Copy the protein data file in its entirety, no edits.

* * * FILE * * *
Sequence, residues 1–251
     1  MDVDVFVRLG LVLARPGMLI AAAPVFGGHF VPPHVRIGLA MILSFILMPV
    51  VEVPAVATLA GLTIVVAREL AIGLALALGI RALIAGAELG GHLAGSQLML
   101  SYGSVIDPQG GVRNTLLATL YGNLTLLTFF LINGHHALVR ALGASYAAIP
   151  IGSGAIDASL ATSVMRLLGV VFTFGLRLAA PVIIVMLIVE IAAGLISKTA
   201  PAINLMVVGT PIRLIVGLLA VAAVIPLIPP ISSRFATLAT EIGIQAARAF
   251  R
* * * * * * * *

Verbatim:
Sequence, residues 1–251
     1  MDVDVFVRLG LVLARPGMLI AAAPVFGGHF VPPHVRIGLA MILSFILMPV
    51  VEVPAVATLA GLTIVVAREL AIGLALALGI RALIAGAELG GHLAGSQLML
   101  SYGSVIDPQG GVRNTLLATL YGNLTLLTFF LINGHHALVR ALGASYAAIP
   151  IGSGAIDASL ATSVMRLLGV VFTFGLRLAA PVIIVMLIVE IAAGLISKTA
   201  PAINLMVVGT PIRLIVGLLA VAAVIPLIPP ISSRFATLAT EIGIQAARAF
   251  R